Indian hope and Chinese scope
The budget here that put the focus on rural India and the rate cut by Bank of China were the big finance happenings
The domestic markets saw a huge rally last week. There were also positive movements on the global front that supported the markets. Sensex and Nifty were seen closing up around 6.4 per cent and 6.5 per cent respectively.
Nifty has resistance at 7570, 7653 and 7676.
The main event for the Indian markets was the budget. The focus will be on the rural sector, infrastructure and the recapitalisation of banks. The fiscal deficit for FY 2016-17 targeted at 3.5 per cent is a positive cue for the markets.
Tiananmen Square (in the background) was the venue for China’s political discussion on the economy, tumultuous markets and currency
The P-notes fell to a 16 month low on the back of weak domestic and global markets. According to the data available from SEBI, P-notes investment to the country stood at Rs 2.31 lakh crore in January. According to SEBI, the total value of P-notes investment in the Indian markets (equity, debt and derivatives) has been falling since October and it was at Rs 231317 crore from Rs 235534 crore last month. The January figure was the lowest level since September 2014, when the cumulative value of investment was at Rs 2.22 lakh crore.
In the last week, manufacturing data came out which expanded for a second consecutive month in February. Nikkei India manufacturing PMI was unchanged at 51.1 in the month under review as against the previous month’s level. A reading above 50 shows expansion and below shows a contraction. The reasons were the improved new orders, exports and output. The incoming orders expanded at a fast pace in five months in February, with the sub-index rising to 52.3 from 51.7.
The industries which include coal, crude oil, natural gas, refinery products, fertilisers, steel, cement and electricity has a weightage of 38 per cent in IIP. The data was 2.3 per cent in the same period last year. Coal and cement grew by 9.1 per cent and 9 per cent respectively whereas the electricity generation and refinery production grew by 6 per cent and 4.8 per cent respectively.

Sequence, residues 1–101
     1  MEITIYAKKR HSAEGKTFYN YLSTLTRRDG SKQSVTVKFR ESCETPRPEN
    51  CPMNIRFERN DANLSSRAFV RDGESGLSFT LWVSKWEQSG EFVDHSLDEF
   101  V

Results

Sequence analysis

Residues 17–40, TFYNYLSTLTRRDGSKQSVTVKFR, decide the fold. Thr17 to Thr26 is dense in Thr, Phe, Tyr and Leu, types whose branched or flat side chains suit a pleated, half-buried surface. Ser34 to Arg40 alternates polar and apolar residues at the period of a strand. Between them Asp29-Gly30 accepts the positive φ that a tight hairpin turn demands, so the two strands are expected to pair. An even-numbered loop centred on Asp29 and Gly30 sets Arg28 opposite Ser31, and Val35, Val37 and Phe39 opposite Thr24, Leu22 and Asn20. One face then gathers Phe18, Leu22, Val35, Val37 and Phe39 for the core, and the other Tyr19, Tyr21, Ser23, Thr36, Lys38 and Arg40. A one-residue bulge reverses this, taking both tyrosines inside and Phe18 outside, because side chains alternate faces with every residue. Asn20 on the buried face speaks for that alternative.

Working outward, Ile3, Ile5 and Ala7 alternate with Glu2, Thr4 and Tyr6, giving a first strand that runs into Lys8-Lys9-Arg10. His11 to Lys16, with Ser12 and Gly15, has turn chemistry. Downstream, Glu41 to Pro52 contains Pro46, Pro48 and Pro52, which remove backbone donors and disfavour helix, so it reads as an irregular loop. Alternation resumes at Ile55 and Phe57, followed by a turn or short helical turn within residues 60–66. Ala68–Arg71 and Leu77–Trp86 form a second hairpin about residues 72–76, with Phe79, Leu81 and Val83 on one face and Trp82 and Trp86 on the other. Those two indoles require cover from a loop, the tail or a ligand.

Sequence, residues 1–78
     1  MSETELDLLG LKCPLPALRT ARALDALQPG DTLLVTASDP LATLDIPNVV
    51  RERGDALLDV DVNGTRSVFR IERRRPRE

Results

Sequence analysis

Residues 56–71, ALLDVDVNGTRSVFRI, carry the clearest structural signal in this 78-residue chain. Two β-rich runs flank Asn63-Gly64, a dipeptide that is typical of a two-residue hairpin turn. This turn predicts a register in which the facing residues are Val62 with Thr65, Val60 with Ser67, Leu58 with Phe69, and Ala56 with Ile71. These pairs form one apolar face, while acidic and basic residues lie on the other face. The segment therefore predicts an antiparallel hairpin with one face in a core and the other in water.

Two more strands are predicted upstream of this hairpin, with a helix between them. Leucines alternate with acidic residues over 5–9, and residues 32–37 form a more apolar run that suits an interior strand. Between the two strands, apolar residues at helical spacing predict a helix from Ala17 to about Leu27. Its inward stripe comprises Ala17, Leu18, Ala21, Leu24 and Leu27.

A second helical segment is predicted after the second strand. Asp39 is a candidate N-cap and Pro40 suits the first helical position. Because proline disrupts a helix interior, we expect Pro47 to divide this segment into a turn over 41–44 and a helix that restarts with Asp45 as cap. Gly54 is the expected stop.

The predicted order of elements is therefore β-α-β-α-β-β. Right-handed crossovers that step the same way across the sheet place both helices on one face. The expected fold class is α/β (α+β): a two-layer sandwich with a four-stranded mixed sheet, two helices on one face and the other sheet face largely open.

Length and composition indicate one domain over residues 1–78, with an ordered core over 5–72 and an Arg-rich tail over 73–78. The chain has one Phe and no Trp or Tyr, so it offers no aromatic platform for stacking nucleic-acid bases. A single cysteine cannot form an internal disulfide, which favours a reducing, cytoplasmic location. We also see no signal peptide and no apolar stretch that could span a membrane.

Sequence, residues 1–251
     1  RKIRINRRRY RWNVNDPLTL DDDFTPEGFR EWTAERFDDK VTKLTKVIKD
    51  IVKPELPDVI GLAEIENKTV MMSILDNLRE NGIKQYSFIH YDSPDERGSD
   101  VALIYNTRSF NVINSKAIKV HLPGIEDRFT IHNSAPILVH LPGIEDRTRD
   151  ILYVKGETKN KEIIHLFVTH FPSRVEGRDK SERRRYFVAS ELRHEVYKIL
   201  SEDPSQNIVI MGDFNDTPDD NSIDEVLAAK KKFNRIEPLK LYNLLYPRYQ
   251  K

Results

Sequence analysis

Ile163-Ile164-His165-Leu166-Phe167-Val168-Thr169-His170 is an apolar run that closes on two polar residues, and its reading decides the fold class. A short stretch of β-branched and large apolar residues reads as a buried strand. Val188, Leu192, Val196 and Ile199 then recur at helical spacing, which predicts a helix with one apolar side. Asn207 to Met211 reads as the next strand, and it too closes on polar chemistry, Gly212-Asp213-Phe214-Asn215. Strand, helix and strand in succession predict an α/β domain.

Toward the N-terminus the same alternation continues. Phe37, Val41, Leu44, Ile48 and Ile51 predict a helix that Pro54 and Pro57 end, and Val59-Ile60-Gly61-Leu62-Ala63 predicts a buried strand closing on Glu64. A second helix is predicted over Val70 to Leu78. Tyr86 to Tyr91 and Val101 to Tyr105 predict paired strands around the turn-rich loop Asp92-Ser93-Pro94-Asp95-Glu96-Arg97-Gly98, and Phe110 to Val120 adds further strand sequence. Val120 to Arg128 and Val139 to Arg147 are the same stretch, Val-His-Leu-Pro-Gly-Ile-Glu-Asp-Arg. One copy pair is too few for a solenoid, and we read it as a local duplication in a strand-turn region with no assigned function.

The central bank has allowed an easier capital allocation for banks, which may release an equivalent of as much as R 40000 crore which can be treated as equity capital. Reserve Bank of India (RBI) allowed some items on the bank’s balance sheets mainly the reserves linked to their property holdings to be included in the Tier- 1, or core capital of banks.
According to RBI sources, an amount of Rs 30,000 to 35000 crore will be unlocked for PSBs and up to Rs 5000 crore for private banks by the move. According to new Basel- III norms, which will start from March 2019, the Indian banks need to maintain a minimum capital adequacy ration of 9 per cent in addition to a capital conservation buffer, which would be in the form of common equity at 2.5 per cent of the risk weighted assets.
The International Monetary Fund (IMF) being bullish on India projected the country’s growth rate to 7.3 per cent which will rise further to 7.5 per cent in the next year. According to them, the government has made a positive move by targeting inflation, subsidies, land and labour market reforms. The agency projections are lower than the government’s estimate of 7.6 per cent growth in 2015-16, while the RBI’s growth projection was at 7.4 per cent this fiscal. According to IMF’s estimation the growth was at 7.3 per cent in the fiscal 2014-15.
The first major news on the global front was that the Chinese central bank cut its reserve requirement ratio by 50 basis which was positive in the markets. But rating agency Moody’s investors services lowered its outlook on China’s credit rating from stable to negative, which was a big blow to the markets. But the oversold conditions helped the markets to rise.
Current account data, manufacturing and industrial production will be in focus for the Indian markets in this week.